Population Policy of India

As per 2011 census, India has a population of about 1.2 billion with an annual growth rate of 1.64% which makes us the second most populous country next only to China. Our population density which was 117 persons per square km in 1951 has now increased to 382 persons per square km.

The size of population and high growth rate had been a cause of concern even during the British period. The Government had set up a Committee in 1943 to conduct a survey on Indian Health System. The Committee recommended “the spreading of the knowledge of birth control as far as the limitations imposed by the peculiar circumstances of the country will permit”.

After independence, the matter was taken up in the five year plans wherein family planning was treated as a part of the health programme. The strategy to integrate health, family welfare, nutrition services, basic social services, education was followed in subsequent plans.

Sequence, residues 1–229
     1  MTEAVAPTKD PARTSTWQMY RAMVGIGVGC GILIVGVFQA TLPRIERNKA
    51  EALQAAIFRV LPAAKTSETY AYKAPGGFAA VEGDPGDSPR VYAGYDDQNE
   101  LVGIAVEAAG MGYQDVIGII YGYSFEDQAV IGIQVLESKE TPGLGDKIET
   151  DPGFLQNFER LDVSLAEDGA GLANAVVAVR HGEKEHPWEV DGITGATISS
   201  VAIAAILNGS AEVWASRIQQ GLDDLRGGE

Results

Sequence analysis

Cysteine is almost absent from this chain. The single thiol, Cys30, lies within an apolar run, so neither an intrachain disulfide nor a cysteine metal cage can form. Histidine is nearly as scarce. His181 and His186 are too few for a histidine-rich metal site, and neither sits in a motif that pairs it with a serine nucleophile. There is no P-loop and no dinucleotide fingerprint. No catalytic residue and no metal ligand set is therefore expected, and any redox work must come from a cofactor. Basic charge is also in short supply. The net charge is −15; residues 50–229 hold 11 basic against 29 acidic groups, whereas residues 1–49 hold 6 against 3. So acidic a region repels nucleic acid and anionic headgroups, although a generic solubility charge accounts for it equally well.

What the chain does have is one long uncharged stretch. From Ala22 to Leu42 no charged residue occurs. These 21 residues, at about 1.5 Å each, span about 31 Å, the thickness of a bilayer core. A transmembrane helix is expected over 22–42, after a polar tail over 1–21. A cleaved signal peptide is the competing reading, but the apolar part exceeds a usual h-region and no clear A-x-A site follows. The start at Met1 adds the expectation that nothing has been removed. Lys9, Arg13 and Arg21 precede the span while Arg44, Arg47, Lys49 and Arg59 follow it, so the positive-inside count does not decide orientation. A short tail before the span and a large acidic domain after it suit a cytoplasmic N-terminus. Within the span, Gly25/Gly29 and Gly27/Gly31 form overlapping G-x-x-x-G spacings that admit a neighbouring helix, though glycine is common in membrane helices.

National Health policy of 1983 emphasized the need for achieving small family norm through voluntary participation. The policy set an objective of achieving replacement levels of total fertility rates (TFR) i.e. a TFR of 2.1 by 2000. Later an expert group under Dr. M. S. Swaminathan, was set up in 1993 to prepare a draft of the National Population policy. The Report basically related population growth to the basic needs, democratic decentralization, gender issues and eco-system

National Population Policy

National Population Policy was announced in the year 2000. The policy took note of the fact that the growth in population was due to the large size of the population in the reproductive age, high fertility due to inadequate availability of contraception, high wanted fertility due to high infant mortality rates and most of the girls marrying below the age of 18.

Some of the important objectives of the policy were as under:

• Provide contraception facilities and health care infrastructure with emphasis on basic reproductive and child health care.